SYNGENTA IS poised to challenge leading wheat breeders as it pushes to develop the next number one winter wheat variety.

Investment in plant breeding technology could mean growers see these varieties reaching the market within the next two to three years, the company claims.

Hybrid technologies and marker-assisted breeding techniques could halve the length of the traditional breeding programme for new wheat varieties, said the firm‘s global business manager John Bloomer.

“Markers will allow us to give faster and more precise traits to growers. They allow us to react faster to the market.”

Currently Syngenta is looking at developing UK wheat varieties with increased tolerance to fusarium head blight, septoria tritici and eyespot.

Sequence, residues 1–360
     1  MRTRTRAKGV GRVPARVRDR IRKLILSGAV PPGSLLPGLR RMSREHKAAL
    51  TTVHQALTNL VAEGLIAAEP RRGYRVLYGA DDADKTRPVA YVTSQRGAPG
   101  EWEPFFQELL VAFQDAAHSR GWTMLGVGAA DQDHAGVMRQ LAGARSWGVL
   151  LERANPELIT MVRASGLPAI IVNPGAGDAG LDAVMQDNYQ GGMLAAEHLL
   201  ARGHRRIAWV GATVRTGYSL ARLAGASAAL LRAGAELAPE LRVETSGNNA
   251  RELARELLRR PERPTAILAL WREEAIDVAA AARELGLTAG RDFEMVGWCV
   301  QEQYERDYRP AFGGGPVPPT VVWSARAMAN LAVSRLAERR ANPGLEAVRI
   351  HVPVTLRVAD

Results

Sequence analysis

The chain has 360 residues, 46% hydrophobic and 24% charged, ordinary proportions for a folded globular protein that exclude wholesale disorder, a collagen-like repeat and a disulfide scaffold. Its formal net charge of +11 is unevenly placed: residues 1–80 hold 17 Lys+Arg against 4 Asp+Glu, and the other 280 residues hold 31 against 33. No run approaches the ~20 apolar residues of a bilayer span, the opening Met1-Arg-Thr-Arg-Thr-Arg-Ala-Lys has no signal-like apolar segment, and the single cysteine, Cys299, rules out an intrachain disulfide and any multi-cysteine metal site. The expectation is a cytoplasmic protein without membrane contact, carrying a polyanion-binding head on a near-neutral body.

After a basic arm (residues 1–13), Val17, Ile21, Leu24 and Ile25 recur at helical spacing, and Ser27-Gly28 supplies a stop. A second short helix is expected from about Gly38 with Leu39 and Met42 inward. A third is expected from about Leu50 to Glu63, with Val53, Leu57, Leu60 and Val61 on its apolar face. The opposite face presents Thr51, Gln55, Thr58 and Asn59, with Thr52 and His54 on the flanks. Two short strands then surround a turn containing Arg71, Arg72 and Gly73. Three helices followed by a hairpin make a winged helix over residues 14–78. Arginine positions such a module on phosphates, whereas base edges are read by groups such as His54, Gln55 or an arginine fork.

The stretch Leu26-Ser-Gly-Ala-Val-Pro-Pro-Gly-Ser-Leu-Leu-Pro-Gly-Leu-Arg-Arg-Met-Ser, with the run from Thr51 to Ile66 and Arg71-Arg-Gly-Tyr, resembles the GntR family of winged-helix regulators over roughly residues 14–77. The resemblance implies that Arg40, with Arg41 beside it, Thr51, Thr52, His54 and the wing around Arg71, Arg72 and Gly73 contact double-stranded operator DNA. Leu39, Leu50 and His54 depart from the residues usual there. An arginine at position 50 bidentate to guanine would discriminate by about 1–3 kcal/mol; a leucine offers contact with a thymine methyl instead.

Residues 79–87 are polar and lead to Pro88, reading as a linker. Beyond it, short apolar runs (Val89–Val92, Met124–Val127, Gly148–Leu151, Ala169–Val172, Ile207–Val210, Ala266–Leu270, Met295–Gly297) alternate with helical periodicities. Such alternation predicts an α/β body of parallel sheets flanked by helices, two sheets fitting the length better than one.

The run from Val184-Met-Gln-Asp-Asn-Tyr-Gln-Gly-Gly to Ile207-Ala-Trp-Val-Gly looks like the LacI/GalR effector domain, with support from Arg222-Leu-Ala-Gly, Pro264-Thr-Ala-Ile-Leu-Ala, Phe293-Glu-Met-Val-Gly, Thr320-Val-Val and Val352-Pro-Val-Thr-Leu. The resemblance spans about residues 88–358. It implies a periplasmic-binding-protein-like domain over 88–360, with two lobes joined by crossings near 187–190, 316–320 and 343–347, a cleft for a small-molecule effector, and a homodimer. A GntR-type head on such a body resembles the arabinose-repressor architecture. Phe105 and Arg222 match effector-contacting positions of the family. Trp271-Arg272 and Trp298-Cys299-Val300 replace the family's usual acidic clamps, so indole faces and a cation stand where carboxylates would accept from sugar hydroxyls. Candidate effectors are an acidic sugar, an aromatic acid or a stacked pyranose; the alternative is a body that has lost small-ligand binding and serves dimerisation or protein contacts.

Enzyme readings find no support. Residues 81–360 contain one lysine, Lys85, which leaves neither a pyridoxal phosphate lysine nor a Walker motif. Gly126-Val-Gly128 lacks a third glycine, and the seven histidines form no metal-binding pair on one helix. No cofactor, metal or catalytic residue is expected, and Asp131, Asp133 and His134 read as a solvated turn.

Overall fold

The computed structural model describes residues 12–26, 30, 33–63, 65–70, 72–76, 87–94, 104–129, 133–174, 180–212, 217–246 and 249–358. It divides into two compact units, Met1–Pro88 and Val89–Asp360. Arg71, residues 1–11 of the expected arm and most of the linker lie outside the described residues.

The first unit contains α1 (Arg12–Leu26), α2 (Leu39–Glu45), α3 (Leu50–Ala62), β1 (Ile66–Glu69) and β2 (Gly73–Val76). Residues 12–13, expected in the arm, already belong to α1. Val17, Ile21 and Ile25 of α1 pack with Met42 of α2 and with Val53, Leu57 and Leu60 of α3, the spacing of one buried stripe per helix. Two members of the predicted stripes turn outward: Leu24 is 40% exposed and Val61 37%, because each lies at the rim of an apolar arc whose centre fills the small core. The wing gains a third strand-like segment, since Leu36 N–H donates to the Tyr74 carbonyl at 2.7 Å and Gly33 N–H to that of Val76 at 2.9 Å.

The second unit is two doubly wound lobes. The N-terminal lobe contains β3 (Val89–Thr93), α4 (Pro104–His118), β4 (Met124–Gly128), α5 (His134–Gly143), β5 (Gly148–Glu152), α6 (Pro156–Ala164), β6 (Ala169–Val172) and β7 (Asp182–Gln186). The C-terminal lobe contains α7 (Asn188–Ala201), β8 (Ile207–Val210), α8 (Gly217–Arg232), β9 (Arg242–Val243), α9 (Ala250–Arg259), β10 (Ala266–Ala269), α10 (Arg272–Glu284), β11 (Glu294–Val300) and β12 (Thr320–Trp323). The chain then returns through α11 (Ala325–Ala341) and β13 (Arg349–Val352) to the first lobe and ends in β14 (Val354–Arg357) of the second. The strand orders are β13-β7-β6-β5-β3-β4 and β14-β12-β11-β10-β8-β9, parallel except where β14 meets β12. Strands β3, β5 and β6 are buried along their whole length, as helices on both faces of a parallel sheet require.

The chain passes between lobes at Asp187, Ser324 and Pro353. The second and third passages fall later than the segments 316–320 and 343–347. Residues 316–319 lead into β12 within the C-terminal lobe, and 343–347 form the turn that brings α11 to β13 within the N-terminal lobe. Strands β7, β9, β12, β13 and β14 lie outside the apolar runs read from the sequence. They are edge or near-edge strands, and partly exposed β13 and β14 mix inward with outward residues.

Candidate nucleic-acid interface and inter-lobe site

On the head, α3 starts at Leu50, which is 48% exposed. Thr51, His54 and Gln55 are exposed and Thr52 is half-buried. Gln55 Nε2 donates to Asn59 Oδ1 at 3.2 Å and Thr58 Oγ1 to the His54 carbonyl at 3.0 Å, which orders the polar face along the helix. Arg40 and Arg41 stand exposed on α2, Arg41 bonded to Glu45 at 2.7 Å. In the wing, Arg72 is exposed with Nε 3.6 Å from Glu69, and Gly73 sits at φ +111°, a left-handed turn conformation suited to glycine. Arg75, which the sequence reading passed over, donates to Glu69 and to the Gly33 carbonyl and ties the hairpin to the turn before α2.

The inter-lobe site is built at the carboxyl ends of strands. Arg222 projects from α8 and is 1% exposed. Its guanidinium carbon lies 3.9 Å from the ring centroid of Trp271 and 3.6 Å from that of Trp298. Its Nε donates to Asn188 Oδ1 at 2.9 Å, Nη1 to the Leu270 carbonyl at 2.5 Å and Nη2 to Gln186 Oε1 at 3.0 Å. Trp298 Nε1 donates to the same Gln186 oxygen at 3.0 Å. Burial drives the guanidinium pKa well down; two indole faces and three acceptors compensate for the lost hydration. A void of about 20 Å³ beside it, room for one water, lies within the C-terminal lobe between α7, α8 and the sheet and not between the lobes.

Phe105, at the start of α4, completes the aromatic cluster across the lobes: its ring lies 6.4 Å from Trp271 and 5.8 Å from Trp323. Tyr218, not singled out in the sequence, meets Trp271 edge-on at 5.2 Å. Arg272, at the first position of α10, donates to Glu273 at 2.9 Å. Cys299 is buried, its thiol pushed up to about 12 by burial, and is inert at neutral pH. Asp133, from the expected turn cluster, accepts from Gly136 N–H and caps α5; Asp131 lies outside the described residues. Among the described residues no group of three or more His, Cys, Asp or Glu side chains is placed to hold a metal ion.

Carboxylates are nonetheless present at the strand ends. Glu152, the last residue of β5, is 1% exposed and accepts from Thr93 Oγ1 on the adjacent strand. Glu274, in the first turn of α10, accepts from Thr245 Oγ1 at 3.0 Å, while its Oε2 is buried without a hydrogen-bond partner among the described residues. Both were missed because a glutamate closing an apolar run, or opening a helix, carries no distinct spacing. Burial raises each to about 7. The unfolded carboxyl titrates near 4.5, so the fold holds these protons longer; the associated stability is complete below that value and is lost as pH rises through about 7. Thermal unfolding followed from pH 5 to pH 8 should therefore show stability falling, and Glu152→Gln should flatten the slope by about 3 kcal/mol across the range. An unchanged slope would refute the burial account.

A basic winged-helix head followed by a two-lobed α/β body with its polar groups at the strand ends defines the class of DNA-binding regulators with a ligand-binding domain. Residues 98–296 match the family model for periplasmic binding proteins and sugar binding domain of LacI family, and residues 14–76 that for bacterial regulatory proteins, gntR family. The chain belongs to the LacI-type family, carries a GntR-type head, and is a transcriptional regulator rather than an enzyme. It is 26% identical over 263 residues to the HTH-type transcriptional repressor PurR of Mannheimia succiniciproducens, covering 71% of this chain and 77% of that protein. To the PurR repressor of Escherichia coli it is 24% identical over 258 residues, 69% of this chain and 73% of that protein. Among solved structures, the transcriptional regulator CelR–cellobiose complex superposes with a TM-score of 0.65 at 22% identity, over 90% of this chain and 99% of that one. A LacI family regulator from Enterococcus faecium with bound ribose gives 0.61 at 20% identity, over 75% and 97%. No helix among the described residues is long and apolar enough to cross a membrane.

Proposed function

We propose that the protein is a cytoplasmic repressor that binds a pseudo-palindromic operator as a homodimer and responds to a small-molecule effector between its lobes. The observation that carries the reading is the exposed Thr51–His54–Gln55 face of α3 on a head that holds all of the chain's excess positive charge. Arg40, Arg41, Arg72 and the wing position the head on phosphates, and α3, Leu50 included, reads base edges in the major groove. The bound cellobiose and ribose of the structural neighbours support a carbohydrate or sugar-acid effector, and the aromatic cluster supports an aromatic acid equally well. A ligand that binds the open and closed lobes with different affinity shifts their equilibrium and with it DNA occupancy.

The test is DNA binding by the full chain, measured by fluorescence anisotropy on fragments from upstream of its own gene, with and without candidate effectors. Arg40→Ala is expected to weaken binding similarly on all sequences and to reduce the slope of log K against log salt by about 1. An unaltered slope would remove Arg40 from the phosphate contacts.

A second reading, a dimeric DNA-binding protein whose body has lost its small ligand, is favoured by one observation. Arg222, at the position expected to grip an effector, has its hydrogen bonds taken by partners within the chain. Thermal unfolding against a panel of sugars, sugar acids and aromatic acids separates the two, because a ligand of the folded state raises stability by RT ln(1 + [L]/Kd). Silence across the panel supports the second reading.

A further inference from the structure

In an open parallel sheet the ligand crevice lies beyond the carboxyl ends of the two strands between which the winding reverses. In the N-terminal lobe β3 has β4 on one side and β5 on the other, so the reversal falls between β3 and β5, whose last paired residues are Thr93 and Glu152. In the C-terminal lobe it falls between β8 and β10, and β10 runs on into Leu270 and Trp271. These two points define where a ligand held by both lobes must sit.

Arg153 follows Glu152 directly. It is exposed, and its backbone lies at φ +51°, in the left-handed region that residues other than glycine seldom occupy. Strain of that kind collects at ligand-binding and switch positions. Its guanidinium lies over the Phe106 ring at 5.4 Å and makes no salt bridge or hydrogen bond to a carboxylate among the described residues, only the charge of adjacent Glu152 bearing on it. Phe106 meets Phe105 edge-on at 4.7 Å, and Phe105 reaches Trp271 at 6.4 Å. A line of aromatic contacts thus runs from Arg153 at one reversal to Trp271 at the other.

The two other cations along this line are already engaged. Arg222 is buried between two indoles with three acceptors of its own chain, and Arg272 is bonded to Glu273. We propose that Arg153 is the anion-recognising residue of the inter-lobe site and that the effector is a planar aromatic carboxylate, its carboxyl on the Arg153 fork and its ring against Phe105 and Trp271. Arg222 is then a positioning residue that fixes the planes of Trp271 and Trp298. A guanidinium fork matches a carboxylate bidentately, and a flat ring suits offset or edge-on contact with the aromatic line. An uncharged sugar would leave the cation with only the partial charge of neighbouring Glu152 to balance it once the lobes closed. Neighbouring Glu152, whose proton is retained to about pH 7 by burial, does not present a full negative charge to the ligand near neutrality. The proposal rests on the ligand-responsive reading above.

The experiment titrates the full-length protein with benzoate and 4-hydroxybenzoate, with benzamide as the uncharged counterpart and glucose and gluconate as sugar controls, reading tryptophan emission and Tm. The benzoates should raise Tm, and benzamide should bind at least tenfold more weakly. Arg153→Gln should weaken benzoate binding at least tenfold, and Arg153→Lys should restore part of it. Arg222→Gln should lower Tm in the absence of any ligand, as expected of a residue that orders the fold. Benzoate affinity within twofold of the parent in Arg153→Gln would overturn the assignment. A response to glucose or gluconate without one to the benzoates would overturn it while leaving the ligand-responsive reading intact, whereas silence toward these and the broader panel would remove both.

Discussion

“Everyone will benefit if we can provide a pipeline of products as soon as possible.”

Around £0.25m has been invested in new breeding facilities at the firm‘s Whittlesford site near Cambridge, capable of providing up to 1,200 different wheat crosses to select from every year, he explained.

“With this technology, we can start to generate varieties that are far more adapted to growers needs,” he said.

The first varieties developed using double haploid technology are going into NL1 trials this year, while the first generated by using genetic marker technology will be going into trials by the 2006 harvest, he said.

The same technology is being used to develop varieties in France. But a one year shorter statutory trials period there could see new varieties reaching French growers a year before the UK.